The Data Resource Center has been a useful resource for many undergraduate and graduate programs across the U.S. Here is one example to help inspire the work-force development application of the DRC!  


Russell Kirby, Professor and Merrell Endowed Chair at the University of South Florida College of Public Health, has used the Data Resource Center for Child and Adolescent Health to teach his second year master's and doctoral students since 2009. In his

Secondary Data Analysis for Maternal and Child Health class, students use data from to generate research hypotheses. Then, using the DRC-produced datasets, fully coded and labeled with approximately 100 variables, Dr. Kirby works with his students through the research and analysis process focusing on their chosen topic. The class culminates in a presentation and manuscript, which some students take to national conferences.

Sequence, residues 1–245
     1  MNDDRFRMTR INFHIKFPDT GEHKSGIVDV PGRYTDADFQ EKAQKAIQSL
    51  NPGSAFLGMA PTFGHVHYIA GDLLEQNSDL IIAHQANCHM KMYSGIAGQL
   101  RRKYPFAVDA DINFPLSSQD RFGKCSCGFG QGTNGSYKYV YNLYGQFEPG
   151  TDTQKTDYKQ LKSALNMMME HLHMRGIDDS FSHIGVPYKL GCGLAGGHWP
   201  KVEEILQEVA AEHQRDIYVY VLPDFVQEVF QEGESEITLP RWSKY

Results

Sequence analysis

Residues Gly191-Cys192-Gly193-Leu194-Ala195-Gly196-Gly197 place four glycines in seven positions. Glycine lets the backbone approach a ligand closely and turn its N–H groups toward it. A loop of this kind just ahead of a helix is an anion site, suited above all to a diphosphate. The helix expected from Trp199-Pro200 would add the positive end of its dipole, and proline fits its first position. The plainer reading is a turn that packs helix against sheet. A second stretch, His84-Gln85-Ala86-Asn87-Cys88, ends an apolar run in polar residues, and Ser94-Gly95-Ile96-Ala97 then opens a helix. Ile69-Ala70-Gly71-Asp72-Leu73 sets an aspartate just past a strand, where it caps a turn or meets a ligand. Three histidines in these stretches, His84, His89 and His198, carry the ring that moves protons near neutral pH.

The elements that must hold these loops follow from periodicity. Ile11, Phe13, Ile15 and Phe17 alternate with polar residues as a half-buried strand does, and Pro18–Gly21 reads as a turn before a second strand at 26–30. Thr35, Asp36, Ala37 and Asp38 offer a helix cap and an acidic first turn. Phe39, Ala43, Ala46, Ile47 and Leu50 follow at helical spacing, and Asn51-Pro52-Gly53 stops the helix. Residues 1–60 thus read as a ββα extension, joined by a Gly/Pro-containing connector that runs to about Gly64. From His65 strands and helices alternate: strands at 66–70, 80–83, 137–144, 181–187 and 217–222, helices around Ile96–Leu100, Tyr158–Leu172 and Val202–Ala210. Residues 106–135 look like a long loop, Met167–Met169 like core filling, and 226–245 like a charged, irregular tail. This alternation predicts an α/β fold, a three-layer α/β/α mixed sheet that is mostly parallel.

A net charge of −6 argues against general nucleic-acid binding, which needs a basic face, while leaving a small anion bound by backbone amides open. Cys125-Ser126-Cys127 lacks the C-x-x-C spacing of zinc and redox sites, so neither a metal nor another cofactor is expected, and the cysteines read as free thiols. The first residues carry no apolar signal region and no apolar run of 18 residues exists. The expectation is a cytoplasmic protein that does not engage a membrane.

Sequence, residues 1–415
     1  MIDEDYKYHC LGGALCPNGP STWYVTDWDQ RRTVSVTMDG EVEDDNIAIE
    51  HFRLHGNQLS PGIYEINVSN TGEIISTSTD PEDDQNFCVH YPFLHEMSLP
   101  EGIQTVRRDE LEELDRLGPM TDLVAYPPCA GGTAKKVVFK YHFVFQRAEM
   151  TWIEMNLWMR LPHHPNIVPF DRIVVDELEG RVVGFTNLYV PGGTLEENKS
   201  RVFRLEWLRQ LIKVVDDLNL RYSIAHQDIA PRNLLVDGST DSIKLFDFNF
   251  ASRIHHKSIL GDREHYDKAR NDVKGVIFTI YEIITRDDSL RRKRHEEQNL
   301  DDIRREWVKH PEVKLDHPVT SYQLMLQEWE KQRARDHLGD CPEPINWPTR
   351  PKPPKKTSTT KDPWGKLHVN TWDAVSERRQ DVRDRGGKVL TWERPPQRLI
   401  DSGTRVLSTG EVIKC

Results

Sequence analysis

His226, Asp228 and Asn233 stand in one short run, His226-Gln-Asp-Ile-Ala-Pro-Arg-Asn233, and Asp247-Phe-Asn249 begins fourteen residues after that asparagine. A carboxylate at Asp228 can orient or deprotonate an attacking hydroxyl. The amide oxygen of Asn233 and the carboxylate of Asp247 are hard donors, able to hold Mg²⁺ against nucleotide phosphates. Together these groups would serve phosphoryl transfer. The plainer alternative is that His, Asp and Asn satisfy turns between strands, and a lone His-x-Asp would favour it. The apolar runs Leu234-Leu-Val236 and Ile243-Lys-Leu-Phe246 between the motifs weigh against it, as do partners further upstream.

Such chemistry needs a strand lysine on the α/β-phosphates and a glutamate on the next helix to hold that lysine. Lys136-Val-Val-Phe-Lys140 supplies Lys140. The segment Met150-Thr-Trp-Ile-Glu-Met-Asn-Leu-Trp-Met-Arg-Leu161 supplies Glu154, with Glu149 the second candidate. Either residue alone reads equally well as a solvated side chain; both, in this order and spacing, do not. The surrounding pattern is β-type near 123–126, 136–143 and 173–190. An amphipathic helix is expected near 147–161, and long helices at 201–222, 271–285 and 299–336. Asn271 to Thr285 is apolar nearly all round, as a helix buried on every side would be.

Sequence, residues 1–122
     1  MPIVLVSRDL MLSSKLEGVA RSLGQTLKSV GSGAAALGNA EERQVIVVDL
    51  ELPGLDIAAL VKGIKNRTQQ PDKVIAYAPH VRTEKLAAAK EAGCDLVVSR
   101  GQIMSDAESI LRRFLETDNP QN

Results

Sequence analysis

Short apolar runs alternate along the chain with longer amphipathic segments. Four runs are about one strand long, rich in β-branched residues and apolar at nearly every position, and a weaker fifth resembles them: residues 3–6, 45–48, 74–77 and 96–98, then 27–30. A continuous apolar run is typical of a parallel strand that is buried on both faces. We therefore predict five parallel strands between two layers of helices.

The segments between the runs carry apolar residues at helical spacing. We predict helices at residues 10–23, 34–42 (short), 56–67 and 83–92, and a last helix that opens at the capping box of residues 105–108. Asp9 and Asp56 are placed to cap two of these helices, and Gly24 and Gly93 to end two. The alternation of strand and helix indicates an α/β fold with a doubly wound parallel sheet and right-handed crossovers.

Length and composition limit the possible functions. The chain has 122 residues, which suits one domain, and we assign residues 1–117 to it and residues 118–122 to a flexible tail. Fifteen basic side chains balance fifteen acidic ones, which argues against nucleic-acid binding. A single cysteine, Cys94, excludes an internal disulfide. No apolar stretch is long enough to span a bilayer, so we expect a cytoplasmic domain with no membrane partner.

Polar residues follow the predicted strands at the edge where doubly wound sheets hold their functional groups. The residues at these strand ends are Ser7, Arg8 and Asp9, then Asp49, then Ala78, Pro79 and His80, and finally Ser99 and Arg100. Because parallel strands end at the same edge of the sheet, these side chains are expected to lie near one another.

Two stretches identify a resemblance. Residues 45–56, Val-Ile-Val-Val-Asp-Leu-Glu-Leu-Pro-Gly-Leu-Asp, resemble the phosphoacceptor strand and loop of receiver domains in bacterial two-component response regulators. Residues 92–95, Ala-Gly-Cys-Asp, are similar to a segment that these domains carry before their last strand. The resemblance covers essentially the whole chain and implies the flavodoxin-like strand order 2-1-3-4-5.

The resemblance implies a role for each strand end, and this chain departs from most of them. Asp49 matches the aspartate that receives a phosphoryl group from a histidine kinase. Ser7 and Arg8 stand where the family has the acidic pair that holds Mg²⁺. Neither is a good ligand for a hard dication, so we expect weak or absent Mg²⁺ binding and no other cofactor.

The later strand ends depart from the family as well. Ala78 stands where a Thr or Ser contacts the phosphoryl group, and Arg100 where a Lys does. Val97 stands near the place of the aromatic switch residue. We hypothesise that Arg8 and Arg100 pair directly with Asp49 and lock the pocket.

Sara Kennedy is a former student of Dr. Kirby. "He is just a great professor. More than any other class, I use skills learned in his [class] every day. Secondary Data Analysis was very focused on practical data applications and skills needed for a career in research." In Dr. Kirby's class Sara used the National Survey of Children's Health to explore how health insurance status relates to patient-provider communication. She won an award for her work from Delta Omega, an Honorary Society in Public Health, which sent her to the American Public Health Association conference to present the findings. [read more]